Move your nozzle to one of the corners, if it’s not already there.
Fit a piece of paper in between the nozzle and bed. If it doesn’t fit, lower that corner of the bed using available tools to level. For an overwhelming majority of printers this will be in the form of a leveling screw on the bed. That’s how it is on my ender 3.
- Carefully adjust the height of the bed to when you move the paper back and forth, the nozzle drags against the paper while sandwiched against the bed, but this friction is not enough to crumple the paper. Experiment with how much friction is added/removed by raising/lowering the bed.
Move the nozzle and the paper to a different corner. Repeat Step 5, adjusting only that corner.
Continue leveling the bed in this manner for all 4 corners. Then repeat. Seriously. Do it again. You’ll find that your old points have been changed by altering the 3 other points on the bed.
Once you’ve been “around the block” sufficiently, there shouldn’t be much difference between the feel of all four corners (if you have a level bed!) and your bed should be level.
For a bonus step, move the nozzle to the center of the bed and check if that has a similar feel as the rest of your corners. If your bed is actually flat, it should be pretty close to each corner. If not, you may have warped bed, and more advanced steps may be needed such as mesh compensation or bed replacement.
Tips and tricks
If you have a typical 4 point leveling system (4 screws to adjust the bed) try loosening up one of the screws completely and leveling using three of the screws. Not guaranteed to work, but if your bed is truly flat, a 4point leveling system may be in fact hurting your ability to properly level by over-constraining your bed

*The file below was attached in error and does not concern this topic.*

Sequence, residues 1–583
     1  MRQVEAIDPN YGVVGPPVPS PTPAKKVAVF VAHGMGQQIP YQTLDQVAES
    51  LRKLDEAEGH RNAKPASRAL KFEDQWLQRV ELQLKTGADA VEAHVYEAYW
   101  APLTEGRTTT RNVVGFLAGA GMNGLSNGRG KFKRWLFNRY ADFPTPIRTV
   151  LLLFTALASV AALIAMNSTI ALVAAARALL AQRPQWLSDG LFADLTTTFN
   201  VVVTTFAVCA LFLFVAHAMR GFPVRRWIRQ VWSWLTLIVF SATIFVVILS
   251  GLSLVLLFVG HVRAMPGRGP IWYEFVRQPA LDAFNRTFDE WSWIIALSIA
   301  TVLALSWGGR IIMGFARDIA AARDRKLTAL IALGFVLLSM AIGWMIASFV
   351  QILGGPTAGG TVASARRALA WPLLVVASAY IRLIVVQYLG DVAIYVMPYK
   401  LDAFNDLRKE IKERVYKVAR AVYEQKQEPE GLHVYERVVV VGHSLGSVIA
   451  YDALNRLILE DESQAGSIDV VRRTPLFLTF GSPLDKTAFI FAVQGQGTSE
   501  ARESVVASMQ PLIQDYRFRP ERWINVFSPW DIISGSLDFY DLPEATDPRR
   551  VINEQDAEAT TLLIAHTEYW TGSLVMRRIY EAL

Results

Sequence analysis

Calibrating your hand-feel may take some time, and may be unique to every printer/bed surface. This may be something that will require some experimentation. My PEI bed on my Rigidbot is significantly smoother than my Ender 3’s stock surface, and thus I expect a much heavier dragging on my ender 3 for the same height difference between bed and nozzle.
Try switching up the direction you level corners after the first or second rotation around if you can’t get all 4 corners to level
If you add/remove/replace bed coatings such as washable glue stick, or blue tape, remember to re-level with the new coating on.
Different filaments prefer different heights to the bed – PLA/ABS may be fine being smashed down into the bed, but PEI typically prefers being merely laid onto the surface, and may require a z-offset on the printer or in the gcode in order to properly adhere.
Leveling your printer for the first time may seem like a daunting, mysterious task, but after some experimentation and good old experience, it becomes a simple routine that is something that’s in every maker’s toolbox to get prints started off right.
For very large beds (such as my Reliabuild XL’s spacious 16”x12” bed) or badly warped beds (my Creality CR-10) special considerations may be needed in order to get you a perfect first layer. For most, this involves some form of mesh leveling, either done automatically with an inductive or servo-deployed probe (BLTOUCH) or simply by activating manual mesh leveling and performing the paper leveling technique described above in a grid and allowing the controller to compensate for the unique curvature of your bed. I’ll have another article on what this is, how it works, and a general guide to get you started with mesh leveling on your printer.
Now go out there and get printing!
If you’re looking into getting a new printer, two low-cost printers that come highly recommended are the Creality CR-10 and the Ender 3. Check them out on amazon with the links below:
Ender 3 Pro: https://amzn.to/2LlUCZ9
Creality CR-10: https://amzn.to/2Jc38qO